Saint-Germain-en-Laye and Fontainebleau – Portrait des Chasteaux Royaux de Sainct Germain en Laye and Portrait de la Maison Royale de Fontaine Belleau

by Georg Braun and Frans Hogenberg

Detail

Date of first edition: 1617

Date of this map: 1617

Dimensions (not including margins): 35 x 46,5 cm

Dimensions (including margins): 42,5 x 54,7 cm

Condition: Very good. Strong image with lovely soft original colours and wide margins. Centre fold as published. Slight natural toning.

Condition rating: A+

Map reference: Taschen, Br. Hog., p. 439; Van der Krogt 44, 4113

From: Civitates Orbis Terrarum, Theatri praecipuarum totius mundi urbium liber sextus, first edition 1617.  Koeman B&H6

 

Item number:
36006
Region:
Europe
France
Categories:
Recent Additions
Price (without VAT): 850,00 (FYI +/- $1 003,00 / £756,50)
We charge the following expedition costs in euro: 
– Benelux: 20 euro
– Rest of Europe: 30 euro
– Rest of the World: 50 euro

In stock

 

Palaces in 16th century France

This double-engraving from 1617 shows two royal castles.

At the left, Saint-Germain-en-Laye is the castle built under King Henri/Henry I in 1539.  The top shows the Chateau-Neuf: it would remain the principal royal palace until Versailles took over this role. his feature alone increased from 1682. The beautiful gardens were planted under Henri IV. In this residence the Treaty of Saint-Germain was signed in 1919, where the dual monarchy of Austria-Hungary was dismantled in several states after WWI. Oh irony, during WWII it became the headquarters of the German Wehrmacht stationed in France.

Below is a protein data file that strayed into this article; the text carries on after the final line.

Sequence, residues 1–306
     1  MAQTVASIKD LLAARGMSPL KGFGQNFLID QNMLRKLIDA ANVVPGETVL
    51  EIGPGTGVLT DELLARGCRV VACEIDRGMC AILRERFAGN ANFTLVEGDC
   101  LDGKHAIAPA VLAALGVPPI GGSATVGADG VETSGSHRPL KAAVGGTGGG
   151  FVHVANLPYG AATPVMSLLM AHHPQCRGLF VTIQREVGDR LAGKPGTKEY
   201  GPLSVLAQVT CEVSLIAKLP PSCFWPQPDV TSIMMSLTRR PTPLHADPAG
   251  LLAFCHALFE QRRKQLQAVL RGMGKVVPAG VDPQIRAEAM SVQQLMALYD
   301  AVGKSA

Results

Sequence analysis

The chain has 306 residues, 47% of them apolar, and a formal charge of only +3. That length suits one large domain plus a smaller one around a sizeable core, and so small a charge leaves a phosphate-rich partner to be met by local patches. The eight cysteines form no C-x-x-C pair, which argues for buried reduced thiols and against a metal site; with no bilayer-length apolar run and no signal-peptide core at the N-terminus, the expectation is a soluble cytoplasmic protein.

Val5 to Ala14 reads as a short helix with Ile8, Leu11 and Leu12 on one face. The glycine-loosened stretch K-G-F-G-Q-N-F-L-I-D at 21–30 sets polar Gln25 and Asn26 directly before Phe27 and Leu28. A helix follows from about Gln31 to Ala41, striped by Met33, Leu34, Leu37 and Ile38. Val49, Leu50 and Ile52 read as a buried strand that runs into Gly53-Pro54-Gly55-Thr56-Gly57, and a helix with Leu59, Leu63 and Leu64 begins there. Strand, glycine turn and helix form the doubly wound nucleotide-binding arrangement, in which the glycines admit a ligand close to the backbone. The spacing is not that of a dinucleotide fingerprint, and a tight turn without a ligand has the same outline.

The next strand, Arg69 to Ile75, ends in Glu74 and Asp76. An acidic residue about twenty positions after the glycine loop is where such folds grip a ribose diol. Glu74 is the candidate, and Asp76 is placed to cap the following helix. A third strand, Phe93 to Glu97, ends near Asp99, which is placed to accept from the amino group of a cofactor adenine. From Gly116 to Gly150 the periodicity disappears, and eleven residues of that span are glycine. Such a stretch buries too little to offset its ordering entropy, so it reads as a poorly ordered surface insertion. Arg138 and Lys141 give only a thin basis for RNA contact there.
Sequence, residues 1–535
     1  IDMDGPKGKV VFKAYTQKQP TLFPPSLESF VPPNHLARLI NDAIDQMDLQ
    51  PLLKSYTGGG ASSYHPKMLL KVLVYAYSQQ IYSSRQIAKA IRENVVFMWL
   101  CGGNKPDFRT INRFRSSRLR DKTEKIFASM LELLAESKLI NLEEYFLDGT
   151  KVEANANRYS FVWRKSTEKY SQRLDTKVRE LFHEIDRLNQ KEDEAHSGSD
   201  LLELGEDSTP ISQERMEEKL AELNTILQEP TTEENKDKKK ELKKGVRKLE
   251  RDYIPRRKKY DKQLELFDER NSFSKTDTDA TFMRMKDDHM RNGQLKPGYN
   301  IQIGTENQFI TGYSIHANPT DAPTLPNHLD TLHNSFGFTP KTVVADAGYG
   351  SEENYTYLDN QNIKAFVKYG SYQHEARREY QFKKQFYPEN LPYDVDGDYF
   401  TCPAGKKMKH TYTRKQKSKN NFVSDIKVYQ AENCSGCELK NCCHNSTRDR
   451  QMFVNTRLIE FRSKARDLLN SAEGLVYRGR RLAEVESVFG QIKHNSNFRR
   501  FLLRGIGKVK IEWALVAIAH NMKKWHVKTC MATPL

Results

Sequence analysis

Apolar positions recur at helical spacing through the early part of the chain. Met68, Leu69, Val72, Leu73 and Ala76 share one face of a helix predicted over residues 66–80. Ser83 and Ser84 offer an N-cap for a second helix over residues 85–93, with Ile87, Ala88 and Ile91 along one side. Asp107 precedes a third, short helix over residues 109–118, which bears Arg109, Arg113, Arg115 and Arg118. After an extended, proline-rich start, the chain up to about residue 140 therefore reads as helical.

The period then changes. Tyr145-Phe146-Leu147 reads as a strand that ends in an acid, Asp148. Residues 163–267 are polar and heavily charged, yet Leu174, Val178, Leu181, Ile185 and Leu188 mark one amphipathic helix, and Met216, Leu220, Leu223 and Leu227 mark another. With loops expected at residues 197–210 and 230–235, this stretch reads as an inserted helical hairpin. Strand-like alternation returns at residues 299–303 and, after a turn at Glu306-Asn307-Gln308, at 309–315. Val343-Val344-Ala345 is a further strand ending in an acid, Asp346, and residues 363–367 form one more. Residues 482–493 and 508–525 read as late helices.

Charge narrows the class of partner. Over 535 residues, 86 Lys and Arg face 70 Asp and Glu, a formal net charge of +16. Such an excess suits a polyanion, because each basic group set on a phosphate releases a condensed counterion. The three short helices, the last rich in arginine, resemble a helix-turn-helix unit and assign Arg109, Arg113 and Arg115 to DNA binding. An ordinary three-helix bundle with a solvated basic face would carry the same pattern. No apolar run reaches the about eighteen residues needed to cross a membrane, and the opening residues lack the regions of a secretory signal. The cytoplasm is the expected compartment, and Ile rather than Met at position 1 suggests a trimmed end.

The slightly older Fontainebleau castle is shown on the right. Under Louis VII (1120-1180) a hunting lodge was built on the spot.  Fontainebleau would only become a real palace in 1528 under King François/Francis I. Here he housed part of his art collection – including the Mona Lisa. He also went hunting in the nearby forest. Several international treaties were signed in the castle, such as the Treaty the designating Napoleon as sovereign of Elba… until his death. his death. This sovereignty lasted less than 100 days…

Both maps superbly illustrate the (royal) French garden style.

 

 

 

 

 

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